Tuesday, 18 March 2014

24 /7 - by Linda Strachan

'Normal people have at least a day and even whole weekends off. Writers tend to go at it 24/7 - even when doing other chores you are often thinking over writing stuff.   Take a day off. Don't feel guilty about it! '  

A writer friend of mine told me this recently.  Like many children's authors I have just finished a busy series of author visits in the weeks around World Book Day. There is much that is related to writing, but not actually getting words down on the page.  All the other writing-related things that intrude on writing time, preparing for events and workshops, admin, all the many things that are not actually writing.  

I had mentioned that I had a couple of deadlines to meet and also this blog to write.  She said we often forget  '..how important it is to sometimes stop stressing about what you are writing now/about to write/have no ideas to write about - and simply take time out to stop and smell the daisies.'  She was right.

But then I find that even while watching a film an idea pops into my head, a way to solve a plot problem.  

Reading a book I often get irritated by lazy writing, or captivated by the skill of the writer.
I find myself analysing the reasons why a particular set of characters are so engaging, or why I am left cold by another storyline.  It is all very well, but there have to be times when a writer can take a day off.

Even social media is full of writers or writing related information, quizzes, articles that catch your eye.

So I took a day off  -  sort of.  

1.  I settled down to watch an old favourite film (and got an idea for something I am writing).  

2.  I went to spend time with family (and ended up reading a couple of picture books to little ones- Hmm that picturebook idea I had...)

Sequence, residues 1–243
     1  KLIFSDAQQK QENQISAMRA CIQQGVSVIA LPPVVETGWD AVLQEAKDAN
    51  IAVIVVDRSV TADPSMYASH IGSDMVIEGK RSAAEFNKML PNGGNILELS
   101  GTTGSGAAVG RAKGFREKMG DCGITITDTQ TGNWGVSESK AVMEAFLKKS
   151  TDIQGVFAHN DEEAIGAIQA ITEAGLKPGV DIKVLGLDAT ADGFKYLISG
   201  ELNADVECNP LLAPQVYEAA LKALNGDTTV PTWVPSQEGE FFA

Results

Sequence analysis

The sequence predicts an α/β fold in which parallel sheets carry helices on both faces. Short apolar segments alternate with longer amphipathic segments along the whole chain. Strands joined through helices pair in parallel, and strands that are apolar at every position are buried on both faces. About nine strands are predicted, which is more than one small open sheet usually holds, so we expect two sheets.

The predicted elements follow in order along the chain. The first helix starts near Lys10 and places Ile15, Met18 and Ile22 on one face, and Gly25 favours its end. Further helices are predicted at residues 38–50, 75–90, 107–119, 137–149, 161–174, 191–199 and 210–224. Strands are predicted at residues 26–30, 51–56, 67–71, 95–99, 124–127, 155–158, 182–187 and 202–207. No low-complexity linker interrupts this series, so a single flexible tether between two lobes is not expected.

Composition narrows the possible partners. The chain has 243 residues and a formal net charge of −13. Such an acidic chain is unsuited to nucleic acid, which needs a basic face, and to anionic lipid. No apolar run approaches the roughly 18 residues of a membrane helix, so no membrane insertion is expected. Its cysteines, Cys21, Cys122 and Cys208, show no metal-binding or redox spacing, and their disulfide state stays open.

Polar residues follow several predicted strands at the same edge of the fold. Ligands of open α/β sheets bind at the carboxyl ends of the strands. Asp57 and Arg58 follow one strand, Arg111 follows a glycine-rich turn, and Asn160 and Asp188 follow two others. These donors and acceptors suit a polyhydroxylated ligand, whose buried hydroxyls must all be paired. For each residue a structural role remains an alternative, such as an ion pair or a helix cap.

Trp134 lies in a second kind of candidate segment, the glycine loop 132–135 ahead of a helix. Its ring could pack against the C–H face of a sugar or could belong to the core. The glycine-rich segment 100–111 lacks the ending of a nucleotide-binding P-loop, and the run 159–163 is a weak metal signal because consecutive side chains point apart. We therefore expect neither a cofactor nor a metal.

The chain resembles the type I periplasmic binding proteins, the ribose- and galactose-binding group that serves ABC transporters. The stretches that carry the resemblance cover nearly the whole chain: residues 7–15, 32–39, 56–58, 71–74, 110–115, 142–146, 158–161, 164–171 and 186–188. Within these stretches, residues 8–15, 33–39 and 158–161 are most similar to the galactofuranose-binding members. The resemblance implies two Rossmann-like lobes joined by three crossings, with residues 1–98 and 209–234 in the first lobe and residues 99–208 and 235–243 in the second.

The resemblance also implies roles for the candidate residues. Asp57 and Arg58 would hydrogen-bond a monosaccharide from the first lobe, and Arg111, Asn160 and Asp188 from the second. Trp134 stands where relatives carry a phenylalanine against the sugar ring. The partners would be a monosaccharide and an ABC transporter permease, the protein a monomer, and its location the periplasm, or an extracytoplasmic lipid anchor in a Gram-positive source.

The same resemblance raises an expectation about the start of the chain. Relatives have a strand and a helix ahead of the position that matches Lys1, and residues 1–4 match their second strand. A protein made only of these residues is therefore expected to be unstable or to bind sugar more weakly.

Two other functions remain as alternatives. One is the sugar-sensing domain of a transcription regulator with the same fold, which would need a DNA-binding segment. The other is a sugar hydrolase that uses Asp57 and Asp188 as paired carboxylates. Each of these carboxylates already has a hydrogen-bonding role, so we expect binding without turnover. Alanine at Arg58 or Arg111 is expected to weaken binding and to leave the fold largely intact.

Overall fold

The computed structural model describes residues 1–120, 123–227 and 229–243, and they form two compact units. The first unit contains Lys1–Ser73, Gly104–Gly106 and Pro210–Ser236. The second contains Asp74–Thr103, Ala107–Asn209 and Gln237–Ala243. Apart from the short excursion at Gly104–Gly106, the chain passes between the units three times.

3.  I decided to do some spring cleaning (and cleared up my working space)

4. I went for a walk by the sea (Atmospheric! These pesky ideas, they get everywhere.)

So it seems I am not really very good at taking time off.  Even going for coffee and cake with friends (they are often writers and we end up talking about writing.)

Taking time off is a state of mind and I feel all the more refreshed by knowing I was free to NOT think about deadlines and things I had to do.  So I think my friend was right.  

How do you take time out?


Linda Strachan  is  Patron of Reading to Liberton High School, Edinburgh 

Author of over 60 books for all ages including the bestselling Hamish McHaggis series, teenage novels and a writing handbook  Writing For Children   

Her latest YA novel is Don't Judge Me  

website:  www.lindastrachan.com
blog: Bookwords


Stroppy Author said...

I think your friend is wrong. You don't have time off being a writer any more than you have time off being a parent or a human being - or anything that is a defining role rather than a job. It's an illusion. Sorry. Back to work!

(Perhaps there is a clue in how you describe what you do/are. If you say 'I work in a...' it's not part of your identity. If you say 'I am a...' how could you have time off?)

Sue Purkiss said...

Love the pictures!